This article deals with the autonomy, discretionary power, and wide range of attributions allotted to the Public Prosecutor's Office in Brazil by the 1988 Constitution. One of the objectives is to analyze whether this combination is not alien to the democratic principle that state institutions, and even those that do not choose their members by direct elections, should be accountable to the public for their acts. The author draws on the neo-institutionalist literature on bureaucracy to analyze the Public Prosecutor's Office in Brazil. The conclusion is that there has been a quasi-abdication by politicians in relation to the institution in question, a rare occurrence in Brazil and in other democracies.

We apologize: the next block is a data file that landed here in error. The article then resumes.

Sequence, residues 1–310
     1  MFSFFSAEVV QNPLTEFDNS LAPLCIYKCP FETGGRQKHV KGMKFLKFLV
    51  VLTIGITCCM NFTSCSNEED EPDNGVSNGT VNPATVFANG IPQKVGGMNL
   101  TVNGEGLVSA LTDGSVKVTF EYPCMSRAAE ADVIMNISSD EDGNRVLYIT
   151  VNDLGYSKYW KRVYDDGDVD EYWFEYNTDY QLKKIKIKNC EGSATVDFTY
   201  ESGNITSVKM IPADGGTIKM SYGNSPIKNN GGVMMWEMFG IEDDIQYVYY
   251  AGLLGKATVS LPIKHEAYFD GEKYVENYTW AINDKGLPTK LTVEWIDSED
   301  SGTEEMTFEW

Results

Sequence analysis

Public Prosecutor's Office; accountability; democracy